Fianna Fáil and Fine Gael TDs remain opposed to the Budget’s 10pc levy on concrete to fund mica compensation amid ongoing concern that the €11bn giveaway Budget has not boosted either party’s popular support.
But the leadership of both parties remain adamant that the levy must stand despite fears in the main Coalition parties that the measure will not raise substantial funds and only further antagonise young home buyers with higher prices.
At the same time backbenchers in both parties remained sanguine about their respective parties’ failure to gain much traction in the latest opinion poll following last Tuesday’s epic giveaway Budget.
The Ireland Thinks survey for the Sunday Independent put Sinn Féin on a record high of 37pc popular support. Fine Gael remained unchanged on 21pc, while Fianna Fáil gained just one point on 17pc, with the Green Party gaining two points to return to 4pc.
Taoiseach Micheál Martin made light of the survey findings, insisting polls did not very effectively predict future election outcomes.
But unlike Fine Gael, Mr Martin also refused to rule out the prospect of going into government with Sinn Féin after the next general election due in spring 2025 at the latest.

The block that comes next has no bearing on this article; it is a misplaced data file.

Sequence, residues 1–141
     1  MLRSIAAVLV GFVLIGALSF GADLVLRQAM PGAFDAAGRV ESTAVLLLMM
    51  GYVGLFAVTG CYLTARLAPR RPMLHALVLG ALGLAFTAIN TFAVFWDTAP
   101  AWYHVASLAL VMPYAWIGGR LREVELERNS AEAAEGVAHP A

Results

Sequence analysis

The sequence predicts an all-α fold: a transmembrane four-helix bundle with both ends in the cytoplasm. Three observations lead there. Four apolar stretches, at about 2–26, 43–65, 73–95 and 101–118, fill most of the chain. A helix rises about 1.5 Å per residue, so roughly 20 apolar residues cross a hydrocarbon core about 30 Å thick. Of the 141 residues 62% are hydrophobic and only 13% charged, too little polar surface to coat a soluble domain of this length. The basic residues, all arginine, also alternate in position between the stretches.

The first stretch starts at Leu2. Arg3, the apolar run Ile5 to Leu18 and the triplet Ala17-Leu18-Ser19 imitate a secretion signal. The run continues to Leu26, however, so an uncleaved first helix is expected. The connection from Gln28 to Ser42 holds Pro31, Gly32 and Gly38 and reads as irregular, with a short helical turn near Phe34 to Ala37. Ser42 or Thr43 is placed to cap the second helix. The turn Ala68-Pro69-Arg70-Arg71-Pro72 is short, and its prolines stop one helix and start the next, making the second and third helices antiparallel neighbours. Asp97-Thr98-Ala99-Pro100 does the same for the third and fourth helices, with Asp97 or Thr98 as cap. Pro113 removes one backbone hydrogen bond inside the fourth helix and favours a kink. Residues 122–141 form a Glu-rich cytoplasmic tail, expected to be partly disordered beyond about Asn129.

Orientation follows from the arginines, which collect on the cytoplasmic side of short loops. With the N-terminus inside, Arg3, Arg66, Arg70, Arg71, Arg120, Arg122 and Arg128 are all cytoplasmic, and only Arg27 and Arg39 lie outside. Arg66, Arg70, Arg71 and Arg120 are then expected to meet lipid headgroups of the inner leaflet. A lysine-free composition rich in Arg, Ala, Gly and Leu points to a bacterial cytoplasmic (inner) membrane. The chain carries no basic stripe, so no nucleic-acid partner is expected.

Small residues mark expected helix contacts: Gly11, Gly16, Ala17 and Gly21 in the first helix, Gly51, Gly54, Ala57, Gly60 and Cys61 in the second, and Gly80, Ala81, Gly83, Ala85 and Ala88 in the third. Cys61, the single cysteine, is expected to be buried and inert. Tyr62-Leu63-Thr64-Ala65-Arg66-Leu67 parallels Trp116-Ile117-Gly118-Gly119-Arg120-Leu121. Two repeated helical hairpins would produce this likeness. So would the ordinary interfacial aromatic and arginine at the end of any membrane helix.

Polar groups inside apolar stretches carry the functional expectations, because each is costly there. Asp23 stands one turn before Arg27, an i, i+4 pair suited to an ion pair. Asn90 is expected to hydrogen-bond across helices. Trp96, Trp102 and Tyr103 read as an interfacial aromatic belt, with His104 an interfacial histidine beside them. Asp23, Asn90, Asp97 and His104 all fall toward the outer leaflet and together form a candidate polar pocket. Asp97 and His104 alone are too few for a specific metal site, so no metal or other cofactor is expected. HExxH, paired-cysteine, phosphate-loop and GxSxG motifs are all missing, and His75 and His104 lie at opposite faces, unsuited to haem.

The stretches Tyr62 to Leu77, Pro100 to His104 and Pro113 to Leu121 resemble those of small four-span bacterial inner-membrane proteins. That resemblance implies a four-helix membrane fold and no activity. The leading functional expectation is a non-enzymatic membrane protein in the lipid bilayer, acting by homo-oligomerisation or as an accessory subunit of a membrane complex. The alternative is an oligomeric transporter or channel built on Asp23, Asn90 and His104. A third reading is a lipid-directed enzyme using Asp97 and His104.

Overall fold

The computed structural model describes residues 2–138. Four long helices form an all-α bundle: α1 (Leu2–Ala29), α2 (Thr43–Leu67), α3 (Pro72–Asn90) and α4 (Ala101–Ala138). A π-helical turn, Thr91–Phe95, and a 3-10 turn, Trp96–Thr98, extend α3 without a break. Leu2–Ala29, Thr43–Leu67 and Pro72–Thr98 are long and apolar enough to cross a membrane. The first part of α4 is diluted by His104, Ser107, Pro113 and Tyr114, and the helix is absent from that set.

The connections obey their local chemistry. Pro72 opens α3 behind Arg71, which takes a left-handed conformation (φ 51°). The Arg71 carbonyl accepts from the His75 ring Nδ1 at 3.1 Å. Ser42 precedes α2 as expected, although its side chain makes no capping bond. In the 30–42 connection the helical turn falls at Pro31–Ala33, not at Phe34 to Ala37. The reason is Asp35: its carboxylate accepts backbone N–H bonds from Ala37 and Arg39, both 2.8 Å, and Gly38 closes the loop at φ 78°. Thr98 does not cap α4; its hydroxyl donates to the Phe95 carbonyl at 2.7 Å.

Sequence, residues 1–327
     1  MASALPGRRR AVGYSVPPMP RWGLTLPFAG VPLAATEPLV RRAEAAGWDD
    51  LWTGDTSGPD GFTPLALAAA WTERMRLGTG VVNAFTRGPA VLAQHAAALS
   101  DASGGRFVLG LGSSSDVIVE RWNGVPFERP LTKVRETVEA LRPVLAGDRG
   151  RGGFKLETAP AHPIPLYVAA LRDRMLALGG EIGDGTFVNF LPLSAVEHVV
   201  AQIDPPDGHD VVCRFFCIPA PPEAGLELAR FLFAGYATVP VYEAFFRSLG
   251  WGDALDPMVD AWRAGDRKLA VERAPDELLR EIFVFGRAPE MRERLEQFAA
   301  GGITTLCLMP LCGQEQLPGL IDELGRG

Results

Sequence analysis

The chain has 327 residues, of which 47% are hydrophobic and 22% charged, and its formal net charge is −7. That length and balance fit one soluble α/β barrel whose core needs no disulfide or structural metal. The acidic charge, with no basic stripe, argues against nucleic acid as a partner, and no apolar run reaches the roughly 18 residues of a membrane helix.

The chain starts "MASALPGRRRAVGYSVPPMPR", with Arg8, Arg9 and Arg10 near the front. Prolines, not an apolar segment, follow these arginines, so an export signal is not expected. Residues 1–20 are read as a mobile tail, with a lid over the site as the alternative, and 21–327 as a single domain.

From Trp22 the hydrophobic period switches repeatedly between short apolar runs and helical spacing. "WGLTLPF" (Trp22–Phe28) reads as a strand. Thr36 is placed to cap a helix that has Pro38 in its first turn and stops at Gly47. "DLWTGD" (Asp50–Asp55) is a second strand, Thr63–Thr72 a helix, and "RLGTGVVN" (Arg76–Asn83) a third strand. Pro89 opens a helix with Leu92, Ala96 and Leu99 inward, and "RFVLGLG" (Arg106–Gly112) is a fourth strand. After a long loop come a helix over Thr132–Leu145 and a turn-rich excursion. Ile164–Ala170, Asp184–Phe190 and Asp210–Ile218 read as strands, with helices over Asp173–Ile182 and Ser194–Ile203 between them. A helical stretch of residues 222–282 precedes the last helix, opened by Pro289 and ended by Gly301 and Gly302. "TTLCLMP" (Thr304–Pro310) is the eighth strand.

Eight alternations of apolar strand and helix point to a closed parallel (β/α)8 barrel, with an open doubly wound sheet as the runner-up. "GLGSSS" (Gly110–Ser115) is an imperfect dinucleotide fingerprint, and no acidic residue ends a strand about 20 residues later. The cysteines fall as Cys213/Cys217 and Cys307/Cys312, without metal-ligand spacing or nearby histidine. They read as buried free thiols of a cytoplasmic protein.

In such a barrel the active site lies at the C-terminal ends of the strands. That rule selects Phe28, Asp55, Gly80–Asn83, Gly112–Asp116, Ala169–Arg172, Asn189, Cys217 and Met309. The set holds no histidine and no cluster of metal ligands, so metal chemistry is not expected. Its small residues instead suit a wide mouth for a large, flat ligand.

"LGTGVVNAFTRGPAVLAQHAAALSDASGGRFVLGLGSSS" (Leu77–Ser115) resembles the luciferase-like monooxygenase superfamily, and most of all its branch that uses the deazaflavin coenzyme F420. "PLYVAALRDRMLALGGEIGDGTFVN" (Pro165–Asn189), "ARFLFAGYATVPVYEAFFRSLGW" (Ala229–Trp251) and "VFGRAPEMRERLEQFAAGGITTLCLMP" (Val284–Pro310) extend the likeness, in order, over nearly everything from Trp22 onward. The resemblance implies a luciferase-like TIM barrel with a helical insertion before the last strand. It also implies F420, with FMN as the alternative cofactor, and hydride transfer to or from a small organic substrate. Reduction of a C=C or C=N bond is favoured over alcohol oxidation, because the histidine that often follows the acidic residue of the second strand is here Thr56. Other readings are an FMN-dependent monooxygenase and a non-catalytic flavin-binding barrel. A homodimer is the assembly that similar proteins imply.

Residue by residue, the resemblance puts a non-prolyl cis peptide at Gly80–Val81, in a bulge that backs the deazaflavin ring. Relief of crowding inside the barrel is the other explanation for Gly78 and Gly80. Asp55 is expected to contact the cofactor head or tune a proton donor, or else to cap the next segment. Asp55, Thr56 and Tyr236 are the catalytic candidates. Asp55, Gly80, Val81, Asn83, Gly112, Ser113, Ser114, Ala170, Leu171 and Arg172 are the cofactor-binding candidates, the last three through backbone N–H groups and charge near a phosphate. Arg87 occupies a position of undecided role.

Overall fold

Mr Martin said Fianna Fáil’s “door is always open” to working with parties whose policies align with their own, but conceded this was not the case with Sinn Féin in recent years. However, he refused to rule out the possibility of a Fianna Fáil-Sinn Féin coalition.
Backbenchers in both the main parties said they had ongoing concerns about the mica concrete levy which is aimed at subsidising a multi-billion euro compensation scheme for home owners stricken by defective concrete products.
One Fine Gael TD said the 10pc levy amid a housing crisis appeared counterproductive.
“It is projected at best to raise €80m per year – a drop in the ocean compared to what is required. It may come at a high political price,” one Fine Gael TD said.
But Fianna Fáil welfare spokesman, Willie O’Dea, said he would wait and see how it will work as announced in the Finance Bill.